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Shift 2D Array circularly in labview

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Hi everyone, 

 

I am trying to create a VI that can shift rows up/down and columns right/left in a 2D array. This would be easily implemented with "Rotate Array" function, however, it only takes 1D array. I was able use the MATLAB Script to implement the 2D shift using the shift array circularly "circshift" function, but is there anyway to do it with the use of LabVIEW functions only? 

 

The VI that uses MATLAB script is attached to show exactly what I want to implement while only using LabVIEW-based functions. I used two output arrays to facilitate visualisation of the shift in row and column but essentially it would be one output array with separate row and column control.

 

Thanks,

S

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It'll probably look a lot cruder and more brute force in LabVIEW.

 

1D array rotations are done efficiently behind the scenes in LabVIEW, without actually copying and moving data around.  Like you, I don't know of any way to get similar efficient 2D rotation.

 

Fortunately, the 2 rotation operations are orthogonal, thus independent, and can be done in either order.  That's gonna help.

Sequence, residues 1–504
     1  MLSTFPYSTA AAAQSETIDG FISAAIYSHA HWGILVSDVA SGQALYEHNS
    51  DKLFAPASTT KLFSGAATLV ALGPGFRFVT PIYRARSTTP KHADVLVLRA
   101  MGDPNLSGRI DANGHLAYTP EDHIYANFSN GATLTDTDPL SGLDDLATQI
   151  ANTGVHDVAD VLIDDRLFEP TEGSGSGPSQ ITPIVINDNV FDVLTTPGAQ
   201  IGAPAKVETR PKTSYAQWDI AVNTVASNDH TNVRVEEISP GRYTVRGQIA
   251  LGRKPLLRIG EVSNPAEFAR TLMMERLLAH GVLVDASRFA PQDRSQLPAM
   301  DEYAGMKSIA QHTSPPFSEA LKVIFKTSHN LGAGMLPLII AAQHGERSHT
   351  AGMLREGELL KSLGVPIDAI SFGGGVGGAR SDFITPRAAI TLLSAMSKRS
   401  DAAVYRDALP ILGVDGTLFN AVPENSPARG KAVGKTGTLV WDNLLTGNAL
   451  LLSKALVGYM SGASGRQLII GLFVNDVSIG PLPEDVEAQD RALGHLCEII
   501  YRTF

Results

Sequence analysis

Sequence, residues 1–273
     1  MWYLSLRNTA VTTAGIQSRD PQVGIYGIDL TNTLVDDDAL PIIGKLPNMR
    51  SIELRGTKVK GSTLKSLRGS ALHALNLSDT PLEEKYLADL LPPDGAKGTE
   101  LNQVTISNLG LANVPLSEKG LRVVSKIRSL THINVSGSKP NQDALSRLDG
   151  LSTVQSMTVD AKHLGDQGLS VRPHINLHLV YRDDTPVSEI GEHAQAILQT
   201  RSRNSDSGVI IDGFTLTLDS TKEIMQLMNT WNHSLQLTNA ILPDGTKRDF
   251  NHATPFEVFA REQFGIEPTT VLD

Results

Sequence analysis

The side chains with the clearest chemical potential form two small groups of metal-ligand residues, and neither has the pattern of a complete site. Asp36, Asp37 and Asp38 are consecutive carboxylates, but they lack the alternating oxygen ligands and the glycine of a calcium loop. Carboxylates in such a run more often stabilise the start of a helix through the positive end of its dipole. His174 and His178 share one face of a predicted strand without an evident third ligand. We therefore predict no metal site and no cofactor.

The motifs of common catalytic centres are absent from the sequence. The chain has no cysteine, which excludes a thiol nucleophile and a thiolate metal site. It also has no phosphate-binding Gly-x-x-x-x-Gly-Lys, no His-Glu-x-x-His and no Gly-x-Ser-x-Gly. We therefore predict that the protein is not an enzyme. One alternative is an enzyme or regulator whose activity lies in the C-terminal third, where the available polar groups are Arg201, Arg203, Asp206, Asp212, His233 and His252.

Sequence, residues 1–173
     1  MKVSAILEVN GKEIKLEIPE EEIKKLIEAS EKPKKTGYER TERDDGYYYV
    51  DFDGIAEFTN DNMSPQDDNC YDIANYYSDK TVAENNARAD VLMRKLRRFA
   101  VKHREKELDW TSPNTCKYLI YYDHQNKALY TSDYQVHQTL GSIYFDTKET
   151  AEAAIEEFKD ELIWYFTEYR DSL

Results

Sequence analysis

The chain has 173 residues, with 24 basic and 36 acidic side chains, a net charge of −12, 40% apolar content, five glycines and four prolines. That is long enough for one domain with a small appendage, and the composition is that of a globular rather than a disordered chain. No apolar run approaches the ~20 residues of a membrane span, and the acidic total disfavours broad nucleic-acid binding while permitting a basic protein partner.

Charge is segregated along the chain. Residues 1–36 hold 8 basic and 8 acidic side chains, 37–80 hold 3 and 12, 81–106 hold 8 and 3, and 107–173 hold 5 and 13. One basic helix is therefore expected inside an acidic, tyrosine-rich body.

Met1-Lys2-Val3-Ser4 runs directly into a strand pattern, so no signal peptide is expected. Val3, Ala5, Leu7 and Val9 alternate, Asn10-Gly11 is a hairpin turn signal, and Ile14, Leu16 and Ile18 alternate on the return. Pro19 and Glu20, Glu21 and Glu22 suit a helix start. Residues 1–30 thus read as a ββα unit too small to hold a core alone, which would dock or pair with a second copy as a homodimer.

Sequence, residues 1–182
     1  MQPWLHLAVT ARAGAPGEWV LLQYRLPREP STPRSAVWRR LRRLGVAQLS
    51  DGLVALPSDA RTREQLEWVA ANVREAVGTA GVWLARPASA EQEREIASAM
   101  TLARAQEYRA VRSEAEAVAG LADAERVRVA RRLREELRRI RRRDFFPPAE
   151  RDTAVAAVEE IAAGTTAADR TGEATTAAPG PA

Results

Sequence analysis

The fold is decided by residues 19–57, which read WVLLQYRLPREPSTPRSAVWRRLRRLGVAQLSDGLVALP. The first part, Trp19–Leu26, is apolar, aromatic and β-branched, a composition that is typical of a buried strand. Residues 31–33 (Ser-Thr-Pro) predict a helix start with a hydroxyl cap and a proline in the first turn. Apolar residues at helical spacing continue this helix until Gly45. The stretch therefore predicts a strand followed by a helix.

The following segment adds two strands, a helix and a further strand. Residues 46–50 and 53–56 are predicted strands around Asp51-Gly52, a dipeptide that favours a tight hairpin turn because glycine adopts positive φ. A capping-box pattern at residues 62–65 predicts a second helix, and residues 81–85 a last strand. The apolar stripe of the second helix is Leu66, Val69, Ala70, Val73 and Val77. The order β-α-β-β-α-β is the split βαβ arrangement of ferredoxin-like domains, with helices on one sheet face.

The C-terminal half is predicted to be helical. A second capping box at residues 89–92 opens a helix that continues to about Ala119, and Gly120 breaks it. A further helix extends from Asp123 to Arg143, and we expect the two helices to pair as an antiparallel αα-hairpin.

...I had a few minutes while needing a break from writing help docs.  Here's a screenshot and a vi version.   I only tested briefly, but it seems to replicate your Matlab example (I don't have it installed to test other shift amounts).

 

 

-Kevin P

 

image.png

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Something like this maybe:

Rotate2DArray.png

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Take how many rows (or columns) you will be shifting and use that value in an Array Subset Function.  Do that to take your initial array and break it into 2 subsets.  Then use Concatenate Array to but those two subsets back together in reverse order.  Without having tested this out, I think this might work easier for one direction (my guess is shifting rows, than the other, shifting columns.)